biochemical panels that the doctors may run. And each test has that 95% reference range. The question
that I'm throwing out to you is how many of these 100 patients are going to be classified as normal for
every single test on average. So, your options are, and this is going to be a poll, 100%, 95%, or 36%. So,
it's time to go ahead and vote.
And your lives don't depend on this, so make a choice. And we can then move on, and talk about a little
bit more. Okay. So, looks like everybody's voting for 95% here. And nobody voted for the others. 95%
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makes sense. But if you do the math, let's say look at the first test for given person, 95% of the people
are collected correctly classified. Then, of that 95%, another 95% for the next test, and so on. So, the
way to deal this is a power calculation.
If you do 95% to the 20th power, then it works out to about 36% of those individuals actually are going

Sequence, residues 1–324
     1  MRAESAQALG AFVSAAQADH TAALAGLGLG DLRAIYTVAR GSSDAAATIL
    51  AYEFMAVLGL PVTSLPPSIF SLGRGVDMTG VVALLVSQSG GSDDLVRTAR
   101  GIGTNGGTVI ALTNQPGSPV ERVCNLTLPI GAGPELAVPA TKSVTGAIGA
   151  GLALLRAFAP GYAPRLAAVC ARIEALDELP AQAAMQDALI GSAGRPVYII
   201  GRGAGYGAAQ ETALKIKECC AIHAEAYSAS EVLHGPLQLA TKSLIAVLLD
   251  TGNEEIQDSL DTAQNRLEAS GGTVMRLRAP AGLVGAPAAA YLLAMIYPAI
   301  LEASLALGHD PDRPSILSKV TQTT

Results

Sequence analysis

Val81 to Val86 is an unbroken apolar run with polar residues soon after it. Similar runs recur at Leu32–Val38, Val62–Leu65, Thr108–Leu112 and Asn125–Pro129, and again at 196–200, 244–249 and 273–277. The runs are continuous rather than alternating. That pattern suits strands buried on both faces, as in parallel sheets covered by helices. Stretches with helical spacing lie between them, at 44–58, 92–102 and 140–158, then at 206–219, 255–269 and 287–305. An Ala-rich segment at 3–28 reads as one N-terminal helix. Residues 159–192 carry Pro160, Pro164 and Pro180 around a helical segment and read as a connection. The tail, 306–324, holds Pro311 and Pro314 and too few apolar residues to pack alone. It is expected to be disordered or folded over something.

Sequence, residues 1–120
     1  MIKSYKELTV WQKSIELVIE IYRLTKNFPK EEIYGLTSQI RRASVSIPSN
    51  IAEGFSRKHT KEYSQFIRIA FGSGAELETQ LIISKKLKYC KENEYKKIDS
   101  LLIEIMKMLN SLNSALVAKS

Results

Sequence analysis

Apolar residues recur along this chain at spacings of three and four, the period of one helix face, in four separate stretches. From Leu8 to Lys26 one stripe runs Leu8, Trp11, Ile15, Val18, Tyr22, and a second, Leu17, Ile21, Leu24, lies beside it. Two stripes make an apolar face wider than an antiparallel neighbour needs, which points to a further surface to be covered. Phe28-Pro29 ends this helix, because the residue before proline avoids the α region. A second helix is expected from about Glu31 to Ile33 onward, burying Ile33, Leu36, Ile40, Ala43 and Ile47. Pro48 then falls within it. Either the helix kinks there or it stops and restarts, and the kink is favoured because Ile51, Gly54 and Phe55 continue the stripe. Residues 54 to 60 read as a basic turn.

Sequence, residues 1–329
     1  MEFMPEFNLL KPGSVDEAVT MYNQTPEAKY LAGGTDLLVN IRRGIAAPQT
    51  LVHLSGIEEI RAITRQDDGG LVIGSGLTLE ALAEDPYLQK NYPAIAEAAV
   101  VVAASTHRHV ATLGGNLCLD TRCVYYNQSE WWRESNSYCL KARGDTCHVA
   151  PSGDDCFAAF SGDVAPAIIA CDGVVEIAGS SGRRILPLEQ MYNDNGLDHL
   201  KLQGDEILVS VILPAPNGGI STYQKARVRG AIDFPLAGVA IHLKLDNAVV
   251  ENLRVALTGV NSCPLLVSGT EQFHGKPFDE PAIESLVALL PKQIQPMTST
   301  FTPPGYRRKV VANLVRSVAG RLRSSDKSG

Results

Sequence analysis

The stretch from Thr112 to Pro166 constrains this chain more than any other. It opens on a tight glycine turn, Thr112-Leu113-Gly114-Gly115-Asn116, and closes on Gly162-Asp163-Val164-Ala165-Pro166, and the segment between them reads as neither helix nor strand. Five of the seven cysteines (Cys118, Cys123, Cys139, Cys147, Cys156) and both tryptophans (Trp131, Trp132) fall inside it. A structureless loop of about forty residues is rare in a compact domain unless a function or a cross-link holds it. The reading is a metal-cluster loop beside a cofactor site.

to be classified as normal within that reference range for every single analyte. Now in the real world, an
experienced clinician is going to say, "Well, gee," they know that. And particularly for values that are just
outside the reference range, they're probably going to ignore it, and look at some of the other factors
that are involved with that.
So, as an example, if it's just a single calcium that's slightly out of whack, they're going to probably
ignore it. Whereas, if it were a bunch of liberal values that were all just barely out of normal, they might
want to look a little bit closer and think about it a little bit more. And I'm not able to progress this.
Samuel, I'm hitting my arrow here, let's try this.
You click on that.
There we go, I'm sorry. And then, what I was just talking about work for continuous values. But if you
had a histogram of discrete values, you'd still have a similar challenge in terms of where are you going to
call this cutoff. So, that's basically a real-world challenge. And something to think about when you're